OTTAWA (Reuters) - Growth in Canada’s economy edged up in May after stalling unexpectedly in April, helped by strength in the goods-producing sectors led by oil and gas extraction, while the service sector faltered for a second straight month.
Real gross domestic product ticked up 0.1 percent in May, Statistics Canada said on Friday, matching market views and in line with expectations that economic growth in the second quarter slowed after the stunning expansion in the first quarter.
Statistics Canada did not revise its flat April GDP report, which had come as a shock after seven consecutive months of expansion.
“While May’s modest GDP growth was a step up from the prior month, it’s clear that Canada’s economic momentum is ebbing,” said Benjamin Reitzes, an economist at BMO Capital Markets.
“Even so, the details of the report weren’t entirely soft, with most sectors seeing modest gains outside of construction and wholesale.”
The Canadian dollar erased early gains and fell against the U.S. dollar after the figures were released, but analysts said it was more likely a reaction to slower-than-expected growth in U.S. second-quarter GDP. U.S. GDP figures were also released on Friday morning.
Analysts said the Canadian figures should keep the Bank of Canada on track to raise interest rates on September 8. Markets are pricing in roughly a 64 percent chance of a quarter-point increase in benchmark rates then, according to Friday’s yields on overnight index swaps, which reflect expectations for the policy rate.
Market views diverge for the rest of the year with some expecting the central bank to take a break from rate hikes.
“With the slack built up through the recession being absorbed further, the Bank of Canada is expected to continue to tighten policy, though the absence of inflation pressures will help keep the pace of interest rate hikes gradual,” said Paul Ferley, assistant chief economist at Royal Bank of Canada.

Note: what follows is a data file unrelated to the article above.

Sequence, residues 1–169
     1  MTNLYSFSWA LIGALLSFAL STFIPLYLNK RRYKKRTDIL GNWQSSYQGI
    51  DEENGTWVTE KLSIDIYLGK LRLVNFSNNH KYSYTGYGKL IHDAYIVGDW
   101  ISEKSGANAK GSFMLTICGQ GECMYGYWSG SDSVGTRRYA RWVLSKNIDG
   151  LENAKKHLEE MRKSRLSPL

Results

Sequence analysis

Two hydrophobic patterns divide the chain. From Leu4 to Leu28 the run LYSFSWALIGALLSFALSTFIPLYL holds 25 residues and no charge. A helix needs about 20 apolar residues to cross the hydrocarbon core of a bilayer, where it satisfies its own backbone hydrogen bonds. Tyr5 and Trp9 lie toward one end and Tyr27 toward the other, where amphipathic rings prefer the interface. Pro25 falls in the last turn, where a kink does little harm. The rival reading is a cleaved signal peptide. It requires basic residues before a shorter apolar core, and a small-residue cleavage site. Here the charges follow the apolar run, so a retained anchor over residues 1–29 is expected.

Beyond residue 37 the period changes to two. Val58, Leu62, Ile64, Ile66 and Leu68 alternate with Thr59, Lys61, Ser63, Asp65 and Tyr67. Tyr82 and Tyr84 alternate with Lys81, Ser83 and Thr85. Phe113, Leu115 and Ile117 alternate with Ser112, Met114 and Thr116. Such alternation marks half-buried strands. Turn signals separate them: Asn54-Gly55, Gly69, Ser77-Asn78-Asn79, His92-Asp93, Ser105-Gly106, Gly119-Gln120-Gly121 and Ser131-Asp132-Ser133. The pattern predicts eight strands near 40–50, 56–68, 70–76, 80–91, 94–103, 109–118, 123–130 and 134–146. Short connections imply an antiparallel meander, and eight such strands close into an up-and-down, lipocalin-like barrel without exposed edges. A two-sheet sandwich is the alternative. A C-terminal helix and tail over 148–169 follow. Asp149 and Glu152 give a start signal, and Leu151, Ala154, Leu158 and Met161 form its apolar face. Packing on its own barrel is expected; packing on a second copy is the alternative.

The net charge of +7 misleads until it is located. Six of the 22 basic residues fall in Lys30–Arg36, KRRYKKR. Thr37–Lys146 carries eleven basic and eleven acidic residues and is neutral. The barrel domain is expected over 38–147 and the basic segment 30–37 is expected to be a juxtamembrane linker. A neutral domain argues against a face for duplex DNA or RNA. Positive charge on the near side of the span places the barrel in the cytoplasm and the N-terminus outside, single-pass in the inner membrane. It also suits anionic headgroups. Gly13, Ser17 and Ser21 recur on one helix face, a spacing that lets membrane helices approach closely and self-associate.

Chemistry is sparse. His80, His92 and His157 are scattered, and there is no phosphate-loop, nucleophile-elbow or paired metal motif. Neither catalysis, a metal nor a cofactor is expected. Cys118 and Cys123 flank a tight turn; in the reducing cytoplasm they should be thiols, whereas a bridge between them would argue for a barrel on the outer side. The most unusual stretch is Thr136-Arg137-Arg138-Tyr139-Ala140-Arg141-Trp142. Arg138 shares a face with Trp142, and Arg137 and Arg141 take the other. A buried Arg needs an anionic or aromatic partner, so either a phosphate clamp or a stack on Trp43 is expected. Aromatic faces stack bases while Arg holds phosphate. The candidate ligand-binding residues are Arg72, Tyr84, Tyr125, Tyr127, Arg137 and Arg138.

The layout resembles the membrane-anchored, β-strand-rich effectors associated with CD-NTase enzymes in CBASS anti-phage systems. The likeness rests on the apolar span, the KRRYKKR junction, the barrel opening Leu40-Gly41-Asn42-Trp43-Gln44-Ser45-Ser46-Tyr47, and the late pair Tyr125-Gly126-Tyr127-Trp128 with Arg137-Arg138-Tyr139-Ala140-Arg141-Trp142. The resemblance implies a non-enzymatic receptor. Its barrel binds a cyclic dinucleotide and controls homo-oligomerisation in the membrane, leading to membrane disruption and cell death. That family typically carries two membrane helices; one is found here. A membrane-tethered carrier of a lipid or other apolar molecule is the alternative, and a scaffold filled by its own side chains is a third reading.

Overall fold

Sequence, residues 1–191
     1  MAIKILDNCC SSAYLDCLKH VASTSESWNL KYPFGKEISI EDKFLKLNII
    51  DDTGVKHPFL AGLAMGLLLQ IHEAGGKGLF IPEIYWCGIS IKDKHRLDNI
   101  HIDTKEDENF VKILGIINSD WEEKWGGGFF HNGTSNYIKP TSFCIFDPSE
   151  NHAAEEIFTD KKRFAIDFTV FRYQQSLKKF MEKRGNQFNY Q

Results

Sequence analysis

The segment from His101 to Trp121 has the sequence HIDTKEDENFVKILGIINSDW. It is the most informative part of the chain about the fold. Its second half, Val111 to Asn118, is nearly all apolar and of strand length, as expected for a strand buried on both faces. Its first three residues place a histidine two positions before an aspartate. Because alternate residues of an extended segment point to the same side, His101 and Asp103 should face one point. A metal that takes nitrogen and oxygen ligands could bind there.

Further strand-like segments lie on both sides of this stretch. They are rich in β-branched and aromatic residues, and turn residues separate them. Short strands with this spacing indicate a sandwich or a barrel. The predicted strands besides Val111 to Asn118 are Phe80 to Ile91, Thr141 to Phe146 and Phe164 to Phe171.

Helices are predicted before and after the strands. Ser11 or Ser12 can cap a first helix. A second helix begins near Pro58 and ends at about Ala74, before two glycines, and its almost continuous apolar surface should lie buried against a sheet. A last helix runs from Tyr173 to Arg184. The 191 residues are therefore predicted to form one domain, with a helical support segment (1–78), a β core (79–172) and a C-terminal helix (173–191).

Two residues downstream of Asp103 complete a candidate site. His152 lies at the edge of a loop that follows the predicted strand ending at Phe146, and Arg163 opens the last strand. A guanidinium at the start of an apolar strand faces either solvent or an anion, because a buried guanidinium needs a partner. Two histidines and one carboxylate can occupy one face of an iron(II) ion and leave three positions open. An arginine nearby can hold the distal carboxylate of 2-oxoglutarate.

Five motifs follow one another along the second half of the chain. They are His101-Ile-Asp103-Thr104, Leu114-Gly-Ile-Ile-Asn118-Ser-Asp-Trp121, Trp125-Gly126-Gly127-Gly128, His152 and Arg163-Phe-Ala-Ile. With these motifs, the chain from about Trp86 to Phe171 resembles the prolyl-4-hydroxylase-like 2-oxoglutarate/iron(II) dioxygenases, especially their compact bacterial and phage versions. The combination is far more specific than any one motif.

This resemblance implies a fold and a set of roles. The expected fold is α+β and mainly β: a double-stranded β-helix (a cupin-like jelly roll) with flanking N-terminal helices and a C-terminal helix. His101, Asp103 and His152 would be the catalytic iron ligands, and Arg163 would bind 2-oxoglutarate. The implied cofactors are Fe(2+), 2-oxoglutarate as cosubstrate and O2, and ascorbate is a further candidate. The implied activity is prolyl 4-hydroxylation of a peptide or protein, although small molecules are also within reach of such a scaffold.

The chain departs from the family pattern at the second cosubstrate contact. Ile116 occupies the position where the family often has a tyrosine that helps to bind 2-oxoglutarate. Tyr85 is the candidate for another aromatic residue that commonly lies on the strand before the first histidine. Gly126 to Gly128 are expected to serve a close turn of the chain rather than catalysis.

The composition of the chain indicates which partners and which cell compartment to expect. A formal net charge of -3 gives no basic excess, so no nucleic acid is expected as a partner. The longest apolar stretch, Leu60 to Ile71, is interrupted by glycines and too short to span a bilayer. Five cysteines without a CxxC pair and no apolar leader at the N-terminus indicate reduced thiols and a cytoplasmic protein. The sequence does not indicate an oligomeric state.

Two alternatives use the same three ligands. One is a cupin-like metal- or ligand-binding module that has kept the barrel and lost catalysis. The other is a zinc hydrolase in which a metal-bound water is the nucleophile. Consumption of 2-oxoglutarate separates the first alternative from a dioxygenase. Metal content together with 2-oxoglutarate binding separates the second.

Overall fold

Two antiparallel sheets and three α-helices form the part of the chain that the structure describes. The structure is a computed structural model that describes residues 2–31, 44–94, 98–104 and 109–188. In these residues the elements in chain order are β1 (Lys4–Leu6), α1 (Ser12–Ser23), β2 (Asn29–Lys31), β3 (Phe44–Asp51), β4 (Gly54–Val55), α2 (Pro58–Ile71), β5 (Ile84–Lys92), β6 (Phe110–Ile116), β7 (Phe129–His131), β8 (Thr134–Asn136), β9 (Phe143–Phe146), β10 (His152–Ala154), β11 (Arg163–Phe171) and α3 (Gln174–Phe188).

The Bank of Canada last week raised its key interest rate by a quarter percentage point for a second straight month and bumped down its growth forecasts, projecting second-quarter annualized growth of 3 percent, down from its earlier 3.8 percent forecast. Some private sector economists are less bullish on growth.
For the economy to meet the central bank’s second-quarter growth forecast, GDP will need to expand by 0.6 percent in June, according to a Statscan analyst.
The economy began to emerge from a mild recession late last year, growing at an annualized rate of 4.9 percent in the fourth quarter and 6.1 percent in the first three months of this year, the fastest growth in a decade.
By contrast, U.S. second quarter gross domestic product data on Friday showed the economy expanded at a 2.4 percent annual rate, against analyst forecasts for a 2.5 percent growth rate in the second quarter.
“After outperforming the U.S. in the first three months of 2010 by a large margin, the more temperate pace of Canadian growth is consistent with soft economic activity stemming from the U.S.,” said Diana Petramala, economist at TD Bank.
“Notwithstanding this marked deceleration in growth, Canadian output is still expected to fully recover from the recession by the end of 2011.”
Goods-producing industries rose 0.6 percent in the second quarter, led by oil and gas extraction, while manufacturing also edged higher. The service sector was down 0.1 percent, pulled down by lower activity in wholesale trade.
Residential real estate was a weak spot for both the goods and services sides, with home building down 3.8 percent in the month, while real estate transactions were down for a fifth straight month.
Additional reporting by Howaida Sorour; Editing by James Dalgleish and Peter Galloway